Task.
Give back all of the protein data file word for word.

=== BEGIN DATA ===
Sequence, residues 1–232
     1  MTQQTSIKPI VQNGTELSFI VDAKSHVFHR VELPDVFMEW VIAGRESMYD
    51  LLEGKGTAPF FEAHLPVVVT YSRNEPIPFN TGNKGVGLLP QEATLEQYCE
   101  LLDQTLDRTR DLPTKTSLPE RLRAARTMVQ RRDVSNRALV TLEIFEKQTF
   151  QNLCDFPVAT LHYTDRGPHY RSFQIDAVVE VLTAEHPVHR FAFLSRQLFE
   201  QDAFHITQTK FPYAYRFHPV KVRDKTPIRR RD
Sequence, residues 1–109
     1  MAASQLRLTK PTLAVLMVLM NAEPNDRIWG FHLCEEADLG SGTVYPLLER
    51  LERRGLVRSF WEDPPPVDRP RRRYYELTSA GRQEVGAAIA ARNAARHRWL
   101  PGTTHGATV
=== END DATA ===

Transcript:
Sequence, residues 1–232
     1  MTQQTSIKPI VQNGTELSFI VDAKSHVFHR VELPDVFMEW VIAGRESMYD
    51  LLEGKGTAPF FEAHLPVVVT YSRNEPIPFN TGNKGVGLLP QEATLEQYCE
   101  LLDQTLDRTR DLPTKTSLPE RLRAARTMVQ RRDVSNRALV TLEIFEKQTF
   151  QNLCDFPVAT LHYTDRGPHY RSFQIDAVVE VLTAEHPVHR FAFLSRQLFE
   201  QDAFHITQTK FPYAYRFHPV KVRDKTPIRR RD
Sequence, residues 1–109
     1  MAASQLRLTK PTLAVLMVLM NAEPNDRIWG FHLCEEADLG SGTVYPLLER
    51  LERRGLVRSF WEDPPPVDRP RRRYYELTSA GRQEVGAAIA ARNAARHRWL
   101  PGTTHGATV